A woman who faces breast cancer with faith and hope, and even humor.
Parents who find the strength to love their child who isn’t able to love them
A older man who refuses to be part of his children’s squabbles about
money and inheritance.
The retired‐before‐he‐was‐ready professional who faces this unexpected
transition in his life with imagination, creativity and the willingness to try
A couple that publicly claims, accepts and celebrates the child born to their
The widow who walks into church, with tears running down her cheeks, the
Sunday after her husband’s funeral.
The junior high student who stands up for the school outcast despite the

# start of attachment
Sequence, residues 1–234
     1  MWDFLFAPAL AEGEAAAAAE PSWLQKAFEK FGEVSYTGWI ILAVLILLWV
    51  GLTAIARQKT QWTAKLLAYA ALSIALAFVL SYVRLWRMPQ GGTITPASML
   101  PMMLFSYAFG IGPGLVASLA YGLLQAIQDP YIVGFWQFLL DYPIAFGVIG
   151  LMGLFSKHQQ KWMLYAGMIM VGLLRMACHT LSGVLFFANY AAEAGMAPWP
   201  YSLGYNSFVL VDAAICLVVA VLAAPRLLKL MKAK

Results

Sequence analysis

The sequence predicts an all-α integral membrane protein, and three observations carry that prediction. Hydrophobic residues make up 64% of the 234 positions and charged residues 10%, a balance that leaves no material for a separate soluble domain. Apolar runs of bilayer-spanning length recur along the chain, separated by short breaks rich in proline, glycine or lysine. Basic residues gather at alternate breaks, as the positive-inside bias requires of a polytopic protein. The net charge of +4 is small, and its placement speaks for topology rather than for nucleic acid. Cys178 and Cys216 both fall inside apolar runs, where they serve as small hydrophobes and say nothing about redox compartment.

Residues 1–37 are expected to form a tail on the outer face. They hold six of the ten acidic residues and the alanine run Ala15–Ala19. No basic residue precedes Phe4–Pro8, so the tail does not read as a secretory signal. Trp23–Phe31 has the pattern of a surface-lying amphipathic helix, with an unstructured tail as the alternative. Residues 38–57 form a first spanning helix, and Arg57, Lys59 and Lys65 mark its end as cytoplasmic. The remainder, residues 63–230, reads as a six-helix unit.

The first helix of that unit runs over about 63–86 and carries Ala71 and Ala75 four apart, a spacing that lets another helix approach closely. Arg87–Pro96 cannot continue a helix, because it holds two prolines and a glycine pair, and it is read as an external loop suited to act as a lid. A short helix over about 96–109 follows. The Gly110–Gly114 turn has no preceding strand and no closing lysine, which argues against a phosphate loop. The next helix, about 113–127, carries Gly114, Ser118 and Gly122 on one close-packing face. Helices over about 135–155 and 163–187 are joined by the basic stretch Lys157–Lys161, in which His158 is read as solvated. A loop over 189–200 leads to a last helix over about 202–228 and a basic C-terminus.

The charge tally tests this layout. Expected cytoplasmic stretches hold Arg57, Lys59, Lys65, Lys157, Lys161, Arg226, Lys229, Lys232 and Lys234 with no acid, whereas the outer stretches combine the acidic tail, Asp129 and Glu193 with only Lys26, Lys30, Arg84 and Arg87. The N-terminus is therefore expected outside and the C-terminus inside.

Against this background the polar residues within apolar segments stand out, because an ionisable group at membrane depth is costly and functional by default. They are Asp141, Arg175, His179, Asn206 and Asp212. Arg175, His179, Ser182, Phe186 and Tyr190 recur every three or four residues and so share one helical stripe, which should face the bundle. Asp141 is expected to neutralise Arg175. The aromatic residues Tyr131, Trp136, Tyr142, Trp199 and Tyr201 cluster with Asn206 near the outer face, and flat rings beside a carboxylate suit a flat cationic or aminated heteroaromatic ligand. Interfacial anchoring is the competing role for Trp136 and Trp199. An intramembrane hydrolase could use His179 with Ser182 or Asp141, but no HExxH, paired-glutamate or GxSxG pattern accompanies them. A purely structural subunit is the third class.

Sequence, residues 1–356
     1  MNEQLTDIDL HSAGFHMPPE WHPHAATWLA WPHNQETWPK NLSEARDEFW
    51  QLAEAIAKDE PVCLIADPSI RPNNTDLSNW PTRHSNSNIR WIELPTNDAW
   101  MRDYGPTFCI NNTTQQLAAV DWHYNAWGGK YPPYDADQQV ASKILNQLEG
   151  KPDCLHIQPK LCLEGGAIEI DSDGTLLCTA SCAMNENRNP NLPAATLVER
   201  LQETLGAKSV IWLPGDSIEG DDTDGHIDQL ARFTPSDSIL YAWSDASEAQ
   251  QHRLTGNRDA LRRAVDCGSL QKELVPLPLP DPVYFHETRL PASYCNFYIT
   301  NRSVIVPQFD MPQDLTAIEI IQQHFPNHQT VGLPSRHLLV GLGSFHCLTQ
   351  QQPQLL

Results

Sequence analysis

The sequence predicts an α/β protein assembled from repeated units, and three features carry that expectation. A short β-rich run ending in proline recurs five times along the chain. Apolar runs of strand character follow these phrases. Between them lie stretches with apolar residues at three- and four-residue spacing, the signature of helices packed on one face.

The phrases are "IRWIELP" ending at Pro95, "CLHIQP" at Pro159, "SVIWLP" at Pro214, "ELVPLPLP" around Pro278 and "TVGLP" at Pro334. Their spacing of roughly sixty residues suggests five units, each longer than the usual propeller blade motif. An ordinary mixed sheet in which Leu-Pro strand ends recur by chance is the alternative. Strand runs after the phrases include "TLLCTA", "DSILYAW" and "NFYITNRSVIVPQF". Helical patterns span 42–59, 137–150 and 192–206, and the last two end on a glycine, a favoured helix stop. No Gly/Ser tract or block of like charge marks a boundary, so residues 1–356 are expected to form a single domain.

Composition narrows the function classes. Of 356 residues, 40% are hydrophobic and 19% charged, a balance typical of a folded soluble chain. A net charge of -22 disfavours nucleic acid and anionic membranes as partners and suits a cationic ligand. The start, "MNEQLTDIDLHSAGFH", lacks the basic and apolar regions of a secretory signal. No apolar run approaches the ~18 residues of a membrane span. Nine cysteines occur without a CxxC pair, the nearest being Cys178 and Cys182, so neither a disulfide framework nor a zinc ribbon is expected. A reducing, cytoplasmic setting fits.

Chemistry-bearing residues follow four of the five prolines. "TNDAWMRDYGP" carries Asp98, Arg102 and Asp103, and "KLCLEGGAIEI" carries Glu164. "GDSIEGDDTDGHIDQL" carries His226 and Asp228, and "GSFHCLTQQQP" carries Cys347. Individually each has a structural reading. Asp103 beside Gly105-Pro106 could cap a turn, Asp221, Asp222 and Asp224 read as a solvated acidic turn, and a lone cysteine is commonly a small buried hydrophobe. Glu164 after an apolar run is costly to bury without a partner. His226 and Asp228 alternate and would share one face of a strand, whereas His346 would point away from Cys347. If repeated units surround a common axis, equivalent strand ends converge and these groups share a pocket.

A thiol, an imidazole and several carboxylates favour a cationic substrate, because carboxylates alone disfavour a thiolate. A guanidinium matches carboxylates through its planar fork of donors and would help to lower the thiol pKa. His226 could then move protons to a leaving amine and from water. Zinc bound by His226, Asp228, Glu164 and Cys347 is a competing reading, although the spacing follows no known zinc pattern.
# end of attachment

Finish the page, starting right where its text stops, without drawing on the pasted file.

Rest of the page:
disdain of his friends.
“I came to cast fire upon the earth,” Jesus says. Fire is scary, dangerous, sometimes out of control. But it is not permanent. In fact, fire can set the occasion for something new. Rev. Samuel Candler tells the following story:
About 12 years ago, a forest I knew burned in a raging fire. I was five hours away by car, and there was probably nothing I could do about it. Nevertheless, something in me felt an anxious urge to add my panic to the situation. So, my cousin and I jumped into a fast car, and we rushed down to South Georgia at 1:00 in the morning. By 5:00 in the morning, after our initial rush of adrenaline had worn off, we were upside down in a ditch outside Baxley, Georgia. We never made it to the fire. We limped sheepishly back to Atlanta.
Two months later, after the fire was out, I did manage to visit the site. I was amazed. Gorgeous green shoots were sprouting out of the black ashes even then. Animals were already grazing through the blackened trees and bushes.